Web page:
Nice try, Marlins, but you finished second in the offseason standings. The heaviest credit card belonged to Los Angeles Angels owner Arte Moreno. The former advertising salesman turned on the full charm and spent $240 million on luxury item Albert Pujols, and threw in $77.5 million for starting pitcher C.J. Wilson.
By dishing out $317.5 million in one of the most excessive impulse buys in the history of professional sports, Moreno attempted to purchase a World Series trophy and enhanced status for the Angels in their turf battle with the Dodgers for prestige and popularity in the Los Angeles baseball market.
Unfortunately for the Marlins and Angels, their 2012 seasons peaked at the introductory news conferences.
Miami (69-93) finished in last place in the NL East, averaged only 27,400 fans per home game, traded Bell to Arizona and fired Guillen at season’s end.
Moreno raised ticket prices by four percent to help defray the cost of signing Pujols and Wilson. Pujols started slowly and was accused of getting popular batting coach Mickey Hatcher fired. The erosion of Pujols’ batting average, onbase percentage and slugging percentage continued.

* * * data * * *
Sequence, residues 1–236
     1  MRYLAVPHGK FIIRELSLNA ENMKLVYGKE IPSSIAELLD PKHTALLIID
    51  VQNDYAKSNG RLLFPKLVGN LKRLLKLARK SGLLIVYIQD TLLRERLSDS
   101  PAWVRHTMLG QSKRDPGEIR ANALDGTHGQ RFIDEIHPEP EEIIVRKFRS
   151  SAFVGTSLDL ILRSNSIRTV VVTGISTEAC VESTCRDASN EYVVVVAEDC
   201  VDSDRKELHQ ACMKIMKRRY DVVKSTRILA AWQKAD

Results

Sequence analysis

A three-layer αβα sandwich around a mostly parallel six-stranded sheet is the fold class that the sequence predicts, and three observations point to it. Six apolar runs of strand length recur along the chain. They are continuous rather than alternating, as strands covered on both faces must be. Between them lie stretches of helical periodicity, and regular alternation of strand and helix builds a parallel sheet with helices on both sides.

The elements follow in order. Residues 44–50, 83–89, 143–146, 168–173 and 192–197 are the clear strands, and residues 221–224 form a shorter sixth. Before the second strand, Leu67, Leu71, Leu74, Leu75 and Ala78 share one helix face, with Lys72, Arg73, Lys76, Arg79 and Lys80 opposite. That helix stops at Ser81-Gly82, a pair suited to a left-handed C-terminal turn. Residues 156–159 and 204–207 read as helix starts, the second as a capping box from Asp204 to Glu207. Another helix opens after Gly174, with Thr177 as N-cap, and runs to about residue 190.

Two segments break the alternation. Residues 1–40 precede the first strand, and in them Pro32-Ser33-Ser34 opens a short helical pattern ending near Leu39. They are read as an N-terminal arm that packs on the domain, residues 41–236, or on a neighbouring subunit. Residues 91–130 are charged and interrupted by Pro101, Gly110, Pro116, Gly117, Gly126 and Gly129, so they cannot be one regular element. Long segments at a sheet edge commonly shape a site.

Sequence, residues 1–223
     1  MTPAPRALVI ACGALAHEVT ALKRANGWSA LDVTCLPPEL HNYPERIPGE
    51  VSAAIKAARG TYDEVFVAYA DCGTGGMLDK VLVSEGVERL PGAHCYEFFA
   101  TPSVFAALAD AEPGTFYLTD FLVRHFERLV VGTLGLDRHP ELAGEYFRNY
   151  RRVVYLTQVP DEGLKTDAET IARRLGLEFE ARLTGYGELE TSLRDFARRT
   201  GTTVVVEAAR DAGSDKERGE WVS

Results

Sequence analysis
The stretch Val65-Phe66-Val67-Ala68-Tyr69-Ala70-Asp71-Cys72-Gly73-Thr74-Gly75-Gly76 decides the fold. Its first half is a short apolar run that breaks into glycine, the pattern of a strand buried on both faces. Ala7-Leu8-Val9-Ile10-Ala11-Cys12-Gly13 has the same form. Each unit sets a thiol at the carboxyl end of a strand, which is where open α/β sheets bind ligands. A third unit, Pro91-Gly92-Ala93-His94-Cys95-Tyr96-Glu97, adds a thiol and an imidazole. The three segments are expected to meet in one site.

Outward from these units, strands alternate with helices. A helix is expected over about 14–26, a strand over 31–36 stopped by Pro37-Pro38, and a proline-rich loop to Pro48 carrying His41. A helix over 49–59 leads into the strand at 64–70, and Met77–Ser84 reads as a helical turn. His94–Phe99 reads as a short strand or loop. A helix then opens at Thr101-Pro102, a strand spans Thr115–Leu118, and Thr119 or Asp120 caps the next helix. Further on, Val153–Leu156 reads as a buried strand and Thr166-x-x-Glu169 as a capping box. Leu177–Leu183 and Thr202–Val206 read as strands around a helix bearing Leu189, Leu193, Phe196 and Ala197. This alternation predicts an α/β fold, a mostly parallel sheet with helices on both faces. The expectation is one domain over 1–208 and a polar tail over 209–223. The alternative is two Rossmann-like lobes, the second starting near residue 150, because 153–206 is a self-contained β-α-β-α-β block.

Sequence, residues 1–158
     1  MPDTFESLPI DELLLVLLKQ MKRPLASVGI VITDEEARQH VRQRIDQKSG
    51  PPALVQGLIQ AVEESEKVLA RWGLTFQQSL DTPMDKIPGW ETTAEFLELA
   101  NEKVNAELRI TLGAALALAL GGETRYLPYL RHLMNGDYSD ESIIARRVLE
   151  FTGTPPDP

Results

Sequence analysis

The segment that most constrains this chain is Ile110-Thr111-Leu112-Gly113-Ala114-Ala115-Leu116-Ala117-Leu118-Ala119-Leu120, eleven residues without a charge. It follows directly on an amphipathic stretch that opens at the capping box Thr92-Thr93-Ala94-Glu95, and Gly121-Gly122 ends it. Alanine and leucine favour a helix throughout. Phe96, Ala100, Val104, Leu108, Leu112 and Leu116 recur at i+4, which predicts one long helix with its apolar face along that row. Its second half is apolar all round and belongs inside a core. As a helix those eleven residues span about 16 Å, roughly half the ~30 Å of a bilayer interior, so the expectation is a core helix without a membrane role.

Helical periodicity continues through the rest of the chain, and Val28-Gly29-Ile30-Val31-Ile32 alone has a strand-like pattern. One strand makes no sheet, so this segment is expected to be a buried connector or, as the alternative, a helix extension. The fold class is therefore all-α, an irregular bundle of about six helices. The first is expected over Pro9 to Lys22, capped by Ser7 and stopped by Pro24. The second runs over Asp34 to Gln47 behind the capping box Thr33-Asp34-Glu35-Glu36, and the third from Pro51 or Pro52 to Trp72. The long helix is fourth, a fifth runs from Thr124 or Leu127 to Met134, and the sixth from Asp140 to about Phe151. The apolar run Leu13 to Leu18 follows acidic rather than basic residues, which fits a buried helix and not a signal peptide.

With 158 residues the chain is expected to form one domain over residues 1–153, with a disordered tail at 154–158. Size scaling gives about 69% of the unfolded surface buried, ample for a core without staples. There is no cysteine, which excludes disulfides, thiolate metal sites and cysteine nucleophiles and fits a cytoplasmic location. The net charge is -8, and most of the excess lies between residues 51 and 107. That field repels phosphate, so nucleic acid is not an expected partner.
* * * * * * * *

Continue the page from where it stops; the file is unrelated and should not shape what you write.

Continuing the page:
The Angels’ average home crowd of 37,799 was their lowest since Moreno’s first full season (2004) as owner. At $154 million the Angels had MLB’s fourth-highest payroll, but the frenzied spending got ‘em a third-place finish in the AL West.
The Angels finished five games behind the division-champion Oakland A’s, who won 94 games with MLB’s second-lowest payroll, $55 million. Moreno owes Pujols $228 million over the next nine seasons. In the final five years of the contract, when the declining Pujols goes from age 37 through age 41, he’ll be paid $140 million.